Breathing is one of the basic vital function of our body and, thanks to the nose, it should be as simple as that. In reality many people suffer of breathing problems, like mouth breathing, asthma, sinusitis, snoring and sleep apnoea. So, why breathing through the nose is so important but many people cannot do it properly?

Every cell in your body intakes the oxygen and releases the carbon dioxide, in a process called cellular respiration (Figure 1). Breathing is important because our cells constantly need a new supply of oxygen so they can produce energy. Without this vital oxygen, cellular function is impaired, and damage or cell death is possible.

cellular respiration equation
Figure 1 – Cellular respiration is the process of breaking sugar (glucose) into a form that the cell can use as energy (ATP, adenosine triphosphate). This process uses oxygen and is called aerobic respiration. It also produces carbon dioxide as a waste product, which is then taken to the lungs, where it is exchanged for oxygen. (From [39])
The principal function of the nose is to inhale air, removing noxious materials from the air stream, heating and humidifying inhaled air, protecting in this way the delicate distal pulmonary structures [1]. Furthermore, the nose itself produces a special gas called Nitric Oxide (NO) [2]. Nitric Oxide has several function:

  • Inhibition of viral and bacterial growth [3].
  • Encouragement of ciliary motility, essential in trapping and removing dust and pathogens from the air [4].
  • Action as pulmonary vasodilator, that means reduction of pulmonary artery pressure and improvement of hemodynamic function [5].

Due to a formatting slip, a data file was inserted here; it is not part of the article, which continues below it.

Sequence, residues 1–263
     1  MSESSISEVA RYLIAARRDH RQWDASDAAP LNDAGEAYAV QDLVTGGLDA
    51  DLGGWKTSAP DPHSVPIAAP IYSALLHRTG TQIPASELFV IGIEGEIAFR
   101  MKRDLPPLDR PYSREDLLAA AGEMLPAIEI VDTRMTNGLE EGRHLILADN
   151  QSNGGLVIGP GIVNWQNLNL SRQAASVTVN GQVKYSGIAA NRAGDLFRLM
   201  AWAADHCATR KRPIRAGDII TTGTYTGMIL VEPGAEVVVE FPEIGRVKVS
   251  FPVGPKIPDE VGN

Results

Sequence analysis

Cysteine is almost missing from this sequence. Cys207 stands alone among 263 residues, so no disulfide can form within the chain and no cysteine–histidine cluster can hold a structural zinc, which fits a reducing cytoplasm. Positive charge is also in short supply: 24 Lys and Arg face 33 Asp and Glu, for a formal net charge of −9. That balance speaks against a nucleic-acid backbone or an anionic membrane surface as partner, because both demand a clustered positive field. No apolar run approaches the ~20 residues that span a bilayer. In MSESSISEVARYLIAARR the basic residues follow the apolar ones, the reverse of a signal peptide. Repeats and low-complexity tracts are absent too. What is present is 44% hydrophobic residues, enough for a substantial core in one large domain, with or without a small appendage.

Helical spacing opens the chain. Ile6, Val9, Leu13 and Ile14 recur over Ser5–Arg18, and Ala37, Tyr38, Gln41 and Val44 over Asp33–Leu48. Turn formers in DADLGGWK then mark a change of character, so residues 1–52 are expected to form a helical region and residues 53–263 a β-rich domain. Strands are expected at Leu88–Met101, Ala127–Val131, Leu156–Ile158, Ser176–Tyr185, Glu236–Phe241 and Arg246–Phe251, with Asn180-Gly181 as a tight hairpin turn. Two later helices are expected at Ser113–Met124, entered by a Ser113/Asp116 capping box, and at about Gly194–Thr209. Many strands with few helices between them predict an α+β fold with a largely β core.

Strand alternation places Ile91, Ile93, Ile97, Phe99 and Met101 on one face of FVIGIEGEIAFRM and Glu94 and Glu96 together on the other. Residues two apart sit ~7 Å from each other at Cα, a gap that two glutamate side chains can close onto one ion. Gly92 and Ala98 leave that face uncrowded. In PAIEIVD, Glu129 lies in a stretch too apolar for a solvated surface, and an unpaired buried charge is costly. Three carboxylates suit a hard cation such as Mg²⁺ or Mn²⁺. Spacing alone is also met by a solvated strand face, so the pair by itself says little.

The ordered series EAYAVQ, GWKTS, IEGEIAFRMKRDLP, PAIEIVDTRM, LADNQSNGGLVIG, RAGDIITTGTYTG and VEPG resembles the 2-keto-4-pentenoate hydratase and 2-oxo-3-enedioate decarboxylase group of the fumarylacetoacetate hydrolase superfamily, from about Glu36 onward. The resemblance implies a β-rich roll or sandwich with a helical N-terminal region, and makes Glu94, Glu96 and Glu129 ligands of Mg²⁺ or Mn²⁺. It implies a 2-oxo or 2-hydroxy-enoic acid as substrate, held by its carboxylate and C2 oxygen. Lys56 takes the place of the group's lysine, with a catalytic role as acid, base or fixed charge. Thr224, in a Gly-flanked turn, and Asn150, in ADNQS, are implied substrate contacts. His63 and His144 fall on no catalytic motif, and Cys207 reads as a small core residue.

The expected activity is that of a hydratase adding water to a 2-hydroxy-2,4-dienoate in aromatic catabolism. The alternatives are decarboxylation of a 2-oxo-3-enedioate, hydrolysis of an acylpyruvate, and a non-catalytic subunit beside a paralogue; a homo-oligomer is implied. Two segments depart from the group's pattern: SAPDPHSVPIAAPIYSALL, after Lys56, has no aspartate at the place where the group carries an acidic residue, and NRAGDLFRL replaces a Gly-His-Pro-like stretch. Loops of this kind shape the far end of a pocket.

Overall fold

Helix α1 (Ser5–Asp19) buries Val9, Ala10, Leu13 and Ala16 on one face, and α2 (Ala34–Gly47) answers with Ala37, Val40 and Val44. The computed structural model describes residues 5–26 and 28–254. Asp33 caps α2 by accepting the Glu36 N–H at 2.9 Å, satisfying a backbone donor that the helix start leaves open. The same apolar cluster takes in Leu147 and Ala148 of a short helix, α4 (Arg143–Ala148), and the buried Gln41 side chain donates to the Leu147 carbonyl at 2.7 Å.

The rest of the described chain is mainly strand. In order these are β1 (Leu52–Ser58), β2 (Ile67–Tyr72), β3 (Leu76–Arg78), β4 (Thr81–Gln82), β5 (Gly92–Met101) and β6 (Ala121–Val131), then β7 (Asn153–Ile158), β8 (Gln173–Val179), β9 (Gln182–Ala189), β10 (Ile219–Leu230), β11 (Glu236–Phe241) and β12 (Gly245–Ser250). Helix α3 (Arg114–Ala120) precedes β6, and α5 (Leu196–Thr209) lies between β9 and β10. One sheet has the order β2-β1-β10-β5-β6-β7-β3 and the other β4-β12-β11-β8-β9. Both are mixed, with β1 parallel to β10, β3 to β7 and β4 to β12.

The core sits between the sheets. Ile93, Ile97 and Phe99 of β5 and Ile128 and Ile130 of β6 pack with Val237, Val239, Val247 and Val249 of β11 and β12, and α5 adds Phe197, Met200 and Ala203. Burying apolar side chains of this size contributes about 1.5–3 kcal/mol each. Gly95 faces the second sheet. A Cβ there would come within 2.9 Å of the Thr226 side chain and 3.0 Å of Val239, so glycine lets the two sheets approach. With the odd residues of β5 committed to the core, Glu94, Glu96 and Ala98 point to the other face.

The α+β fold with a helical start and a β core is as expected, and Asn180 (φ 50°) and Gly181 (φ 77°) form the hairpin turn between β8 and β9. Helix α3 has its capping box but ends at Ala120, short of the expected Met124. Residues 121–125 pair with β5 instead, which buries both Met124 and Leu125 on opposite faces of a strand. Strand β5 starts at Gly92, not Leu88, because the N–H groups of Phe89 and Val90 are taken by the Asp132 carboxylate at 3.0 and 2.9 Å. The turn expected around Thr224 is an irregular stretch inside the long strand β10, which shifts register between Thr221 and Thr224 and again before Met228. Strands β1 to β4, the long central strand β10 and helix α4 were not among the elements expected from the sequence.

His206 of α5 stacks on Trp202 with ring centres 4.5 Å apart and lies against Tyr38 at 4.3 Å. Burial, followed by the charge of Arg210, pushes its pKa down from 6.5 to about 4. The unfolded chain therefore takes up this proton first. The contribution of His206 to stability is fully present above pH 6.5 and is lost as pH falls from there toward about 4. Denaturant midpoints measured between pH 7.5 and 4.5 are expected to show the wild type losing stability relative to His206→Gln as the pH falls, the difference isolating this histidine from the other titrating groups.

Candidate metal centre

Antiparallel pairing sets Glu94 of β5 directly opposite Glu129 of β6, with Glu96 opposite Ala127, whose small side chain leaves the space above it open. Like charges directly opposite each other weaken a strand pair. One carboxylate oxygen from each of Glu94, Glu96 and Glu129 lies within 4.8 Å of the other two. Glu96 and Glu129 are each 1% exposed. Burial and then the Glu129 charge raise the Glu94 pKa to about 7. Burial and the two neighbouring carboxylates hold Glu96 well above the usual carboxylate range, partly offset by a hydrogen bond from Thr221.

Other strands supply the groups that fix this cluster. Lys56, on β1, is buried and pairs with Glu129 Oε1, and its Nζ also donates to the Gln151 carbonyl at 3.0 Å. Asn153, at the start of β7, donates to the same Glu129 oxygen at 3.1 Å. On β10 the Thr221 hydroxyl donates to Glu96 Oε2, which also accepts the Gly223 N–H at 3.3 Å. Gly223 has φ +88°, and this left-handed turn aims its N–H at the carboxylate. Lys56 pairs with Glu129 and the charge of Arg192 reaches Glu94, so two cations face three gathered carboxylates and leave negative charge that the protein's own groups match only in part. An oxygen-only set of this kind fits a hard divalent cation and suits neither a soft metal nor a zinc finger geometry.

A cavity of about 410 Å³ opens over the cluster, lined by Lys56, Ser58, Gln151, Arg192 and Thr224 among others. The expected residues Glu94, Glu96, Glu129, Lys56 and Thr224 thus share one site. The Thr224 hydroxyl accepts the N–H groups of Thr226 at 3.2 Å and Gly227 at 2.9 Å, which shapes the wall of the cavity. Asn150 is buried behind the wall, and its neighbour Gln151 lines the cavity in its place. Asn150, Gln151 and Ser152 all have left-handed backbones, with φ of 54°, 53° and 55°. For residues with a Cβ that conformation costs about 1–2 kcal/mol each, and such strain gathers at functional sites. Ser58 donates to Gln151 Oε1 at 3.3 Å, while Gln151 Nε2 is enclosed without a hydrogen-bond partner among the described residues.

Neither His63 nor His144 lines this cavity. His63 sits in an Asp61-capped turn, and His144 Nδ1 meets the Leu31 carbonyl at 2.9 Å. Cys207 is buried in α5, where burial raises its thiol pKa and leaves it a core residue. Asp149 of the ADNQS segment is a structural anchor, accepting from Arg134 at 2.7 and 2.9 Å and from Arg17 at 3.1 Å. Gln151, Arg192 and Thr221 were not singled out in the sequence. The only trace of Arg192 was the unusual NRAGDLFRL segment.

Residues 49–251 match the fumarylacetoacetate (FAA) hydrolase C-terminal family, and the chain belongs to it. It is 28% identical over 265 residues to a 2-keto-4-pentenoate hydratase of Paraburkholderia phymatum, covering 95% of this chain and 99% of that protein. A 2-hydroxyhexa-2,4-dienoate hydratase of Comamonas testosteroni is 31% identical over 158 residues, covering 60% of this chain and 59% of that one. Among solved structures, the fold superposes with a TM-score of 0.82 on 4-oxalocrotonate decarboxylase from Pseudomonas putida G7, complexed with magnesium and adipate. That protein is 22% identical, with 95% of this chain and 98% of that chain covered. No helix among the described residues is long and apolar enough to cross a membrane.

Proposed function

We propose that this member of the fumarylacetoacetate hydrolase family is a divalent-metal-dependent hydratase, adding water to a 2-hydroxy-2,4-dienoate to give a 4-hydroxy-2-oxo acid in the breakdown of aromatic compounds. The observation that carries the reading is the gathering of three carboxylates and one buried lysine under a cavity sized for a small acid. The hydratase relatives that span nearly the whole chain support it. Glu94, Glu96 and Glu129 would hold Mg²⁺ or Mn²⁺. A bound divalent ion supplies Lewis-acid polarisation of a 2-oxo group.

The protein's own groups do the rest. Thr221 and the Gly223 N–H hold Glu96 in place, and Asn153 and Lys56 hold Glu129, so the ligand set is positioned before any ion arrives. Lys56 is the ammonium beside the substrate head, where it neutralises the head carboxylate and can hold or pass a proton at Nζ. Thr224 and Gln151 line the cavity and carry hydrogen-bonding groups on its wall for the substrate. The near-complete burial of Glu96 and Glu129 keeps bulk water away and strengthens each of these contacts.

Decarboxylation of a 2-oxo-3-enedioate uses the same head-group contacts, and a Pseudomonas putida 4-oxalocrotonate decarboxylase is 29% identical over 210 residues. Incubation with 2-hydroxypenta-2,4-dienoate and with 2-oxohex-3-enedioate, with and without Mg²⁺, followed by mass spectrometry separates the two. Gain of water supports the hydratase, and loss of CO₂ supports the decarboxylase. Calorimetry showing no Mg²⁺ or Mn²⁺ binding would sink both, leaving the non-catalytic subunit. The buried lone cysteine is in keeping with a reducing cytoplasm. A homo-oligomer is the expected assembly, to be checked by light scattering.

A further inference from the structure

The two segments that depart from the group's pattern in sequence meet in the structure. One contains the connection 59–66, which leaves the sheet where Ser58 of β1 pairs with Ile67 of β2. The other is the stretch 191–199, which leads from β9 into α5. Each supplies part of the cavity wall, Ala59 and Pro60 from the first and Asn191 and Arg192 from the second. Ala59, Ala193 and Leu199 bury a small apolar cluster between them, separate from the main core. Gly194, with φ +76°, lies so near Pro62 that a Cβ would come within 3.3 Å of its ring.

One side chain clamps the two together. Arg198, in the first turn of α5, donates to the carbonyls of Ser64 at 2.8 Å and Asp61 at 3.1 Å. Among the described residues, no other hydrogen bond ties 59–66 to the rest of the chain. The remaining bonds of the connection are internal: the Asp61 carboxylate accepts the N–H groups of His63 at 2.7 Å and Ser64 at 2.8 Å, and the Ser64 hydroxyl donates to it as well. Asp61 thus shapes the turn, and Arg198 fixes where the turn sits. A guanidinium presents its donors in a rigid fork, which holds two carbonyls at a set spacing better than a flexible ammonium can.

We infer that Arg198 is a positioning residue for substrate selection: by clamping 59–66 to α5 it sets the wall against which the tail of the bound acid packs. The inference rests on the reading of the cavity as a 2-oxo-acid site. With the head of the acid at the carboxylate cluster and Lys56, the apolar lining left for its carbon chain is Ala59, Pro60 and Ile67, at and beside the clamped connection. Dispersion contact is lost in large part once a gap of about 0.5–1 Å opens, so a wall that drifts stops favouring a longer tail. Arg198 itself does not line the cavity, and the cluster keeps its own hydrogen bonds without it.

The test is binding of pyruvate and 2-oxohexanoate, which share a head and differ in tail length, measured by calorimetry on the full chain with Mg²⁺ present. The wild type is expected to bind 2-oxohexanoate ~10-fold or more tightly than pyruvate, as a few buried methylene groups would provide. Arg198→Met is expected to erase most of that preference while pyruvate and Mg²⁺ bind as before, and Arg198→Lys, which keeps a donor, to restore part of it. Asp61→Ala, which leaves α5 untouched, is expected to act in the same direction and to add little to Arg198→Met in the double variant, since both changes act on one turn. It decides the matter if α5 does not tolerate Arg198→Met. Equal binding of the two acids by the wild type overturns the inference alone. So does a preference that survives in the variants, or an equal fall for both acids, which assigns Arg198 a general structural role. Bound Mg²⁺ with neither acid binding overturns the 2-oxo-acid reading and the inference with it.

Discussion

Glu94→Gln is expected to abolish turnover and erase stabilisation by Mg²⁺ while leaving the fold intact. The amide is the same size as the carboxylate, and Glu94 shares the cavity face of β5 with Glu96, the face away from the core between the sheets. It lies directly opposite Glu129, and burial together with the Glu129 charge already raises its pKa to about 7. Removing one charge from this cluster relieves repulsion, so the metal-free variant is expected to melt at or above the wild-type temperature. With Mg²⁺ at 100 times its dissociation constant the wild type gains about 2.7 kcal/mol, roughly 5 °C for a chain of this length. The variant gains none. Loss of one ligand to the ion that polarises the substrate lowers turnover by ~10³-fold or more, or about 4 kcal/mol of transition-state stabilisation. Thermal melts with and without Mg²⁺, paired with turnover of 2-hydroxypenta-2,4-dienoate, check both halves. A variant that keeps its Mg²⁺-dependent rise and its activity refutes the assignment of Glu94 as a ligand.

Most normal breathing takes place through the nasal cavity, but the oral cavity (the mouth) can be used to supplement or replace the nasal cavity’s functions when needed. Unfortunately, the mouth does not warm and moisturize the air entering the lungs and it also lacks the hairs and sticky mucus that filter air passing through the nasal cavity, together with missing production of Nitric Oxide. So, if breathing through the nose is so powerful, why many people have necessity to mouth breathe?

As a consequence of craniofacial development, the nasal airways are affected as well. Notice in Figure 2 the difference of a prehistoric skull against a modern one: the difference in the palate shape and airways size is massive. In modern days, we are assisting to a down-siding of the entire craniofacial structure, with the maxilla that drops down and back. This reduces the eye support, flattens the cheekbones, narrows the nasal airway, lengthens the mid facial third, and lowers the palate, which narrows and create malocclusion [6]. This also finds confirmation from the fact that expanding the maxillary arch results in an increase in airway dimensions [7,8,9,10].

Figure 2 – On the left, prehistoric skull: notice the large flat U-shaped palate and bigger airways. On the right, a modern skull with narrow high v-shaped palate and reduced airways. (From [11])
If the nasal airways narrow, the nasal resistances increase and mouth breathe becomes a necessity, since easier[12,13,14]. If an inadequate craniofacial development can be seen as the cause of mouth breathing, in turn mouth breathing becomes the cause of an even worse craniofacial development. Indeed, when mouth breathing, the maxilla misses all the up and forward forces coming from the tongue and the teeth in contact: in this way, the maxilla remodels vertically and backward, developing malocclusion [15,16,17,18,19].

Have a look to Figure 3: the photograph on the left shows a boy at the age of ten. He breathes through his nose and he has a decently developed face, with defined eyes, cheekbones, lips and chin. When he was 14, he got a gerbil and developed an allergy that left him with a stuffy nose, which caused him to start breathing through his mouth. The photos in the middle and on the right show the same boy at the age of 17. Breathing through his mouth caused his face to grow downward instead of forward, making his face long and narrow.